11 thoughts on “David Campbell Fountain, 1961

  1. The Campbell memorial fountain had fallen into disrepair by 1961, and this photo was likely taken to show the condition, below are portions of a story was published in the Oregonian on March 9, 1961 page 22

    Council Asked To Repair Memorial To City Heroes

    The “deplorable” condition of the David Campbell Memorial at SW 19th and W. Burnside St. was called to the attention of the City Council again Wednesday with chunks of loose limestone. Francis J. Murnane, 1527 SW Columbia St., informal guardian of the city’s statuary, demonstrated the condition of the memorial fountain to firemen who have lost their lives in the line of duty, by depositing pieces of it on the polished table in front of the city commissioners. Murnane frequently has asked the city to take better care of its fountains.

    Murnane pulled a bronze nameplate out of a sack and showed the council. It was inscribed “D, Campbell 1881-1911” This morning, he said he went by to look at it again and this nameplate fell off in his hand.

    The bowl was filled with litter and the water in the fountain was turned off, he said. Murnane said the names of 18 other firemen who gave their lives had also been honored with nameplates until the city let it go to pot and discontinued the practice.

  2. After reading about Chief Cambell’s background and death on June 26, 1911, at the age of 47 on the Portland Fire & Rescue website, I can understand why his funeral still holds the record for public turnout at such an event. See the link below:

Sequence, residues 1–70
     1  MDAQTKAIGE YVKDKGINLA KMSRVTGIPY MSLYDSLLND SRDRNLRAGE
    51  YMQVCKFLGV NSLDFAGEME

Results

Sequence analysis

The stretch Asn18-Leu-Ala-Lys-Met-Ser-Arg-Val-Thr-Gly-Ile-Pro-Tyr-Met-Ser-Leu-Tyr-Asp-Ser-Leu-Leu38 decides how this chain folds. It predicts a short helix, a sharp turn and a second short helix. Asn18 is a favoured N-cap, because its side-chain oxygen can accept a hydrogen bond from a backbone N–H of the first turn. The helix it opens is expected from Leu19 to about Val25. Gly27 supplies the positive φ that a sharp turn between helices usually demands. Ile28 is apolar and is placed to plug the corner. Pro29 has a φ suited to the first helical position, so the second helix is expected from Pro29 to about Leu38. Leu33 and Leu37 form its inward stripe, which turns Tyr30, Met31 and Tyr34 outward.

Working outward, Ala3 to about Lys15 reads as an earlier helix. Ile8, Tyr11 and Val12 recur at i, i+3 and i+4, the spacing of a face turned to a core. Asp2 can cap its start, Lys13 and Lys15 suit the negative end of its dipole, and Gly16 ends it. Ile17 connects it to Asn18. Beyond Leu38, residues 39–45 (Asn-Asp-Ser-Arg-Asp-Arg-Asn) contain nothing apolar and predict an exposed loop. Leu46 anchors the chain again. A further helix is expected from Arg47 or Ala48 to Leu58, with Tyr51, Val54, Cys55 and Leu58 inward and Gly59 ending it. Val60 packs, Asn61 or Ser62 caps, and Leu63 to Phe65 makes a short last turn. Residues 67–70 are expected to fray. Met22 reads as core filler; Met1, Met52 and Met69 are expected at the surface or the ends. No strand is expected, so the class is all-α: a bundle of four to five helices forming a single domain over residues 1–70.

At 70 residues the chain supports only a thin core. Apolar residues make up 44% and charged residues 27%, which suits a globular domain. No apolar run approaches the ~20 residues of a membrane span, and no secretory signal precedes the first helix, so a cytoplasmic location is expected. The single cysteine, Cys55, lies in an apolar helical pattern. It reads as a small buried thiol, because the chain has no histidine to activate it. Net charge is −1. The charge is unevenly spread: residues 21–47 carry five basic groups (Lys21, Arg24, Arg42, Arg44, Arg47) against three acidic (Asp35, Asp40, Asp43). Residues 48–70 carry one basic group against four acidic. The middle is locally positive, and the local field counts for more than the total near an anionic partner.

https://www.portlandoregon.gov/fire/article/354363

    Having once lived in this area, I saw this monument almost on a daily and I remember always thinking what a shame it was that the “park” (hardly) had fallen into such disrepair, constantly being surrounded by large teardowns and building projects in addition to traffic reroutes necessitated for road and sewer projects. This fitting monument was a part of old Portland and it now found itself out of place and lost in an area of high traffic & continual upheaval. The only people who use the park today are the unfortunate wandering homeless. If there was ever a monument that deserved a new location, a fitting home, it’s this one.

  3. David Campbell, Portland’s Fire Chief, is a prominent figure in S.L. Stoner’s historical fiction mystery novel, Slow Burn, set in Portland around 1903. I’m 80 pages into it right now. Anyone interested in the history of Portland would enjoy the 9-book series, all set in early 1900s Portland and well-researched. Slow Burn is the 7th book in the series.

  4. I’ve never noticed the bell that’s in the same triangle. Where is that from? Here’s Mr. Campbell himself from 1905:

  5. In the Summer of 1993, when I had Saturdays off of work (a rarity in those days) I would often walk from my apartment at NW 19th and Burnside up to Rich’s for a couple cigars and then back to the Firemens’ Memorial for a nice smoke.

  6. Does everything have to be contentious now? Even if it would cause a delay – I’d like to see the “owner” of this site monitor (and delete) the idiotic and racist remarks that some people have been making lately. It doesn’t contribute to the conversations and historical education most of us enjoy from this site. Thank you.

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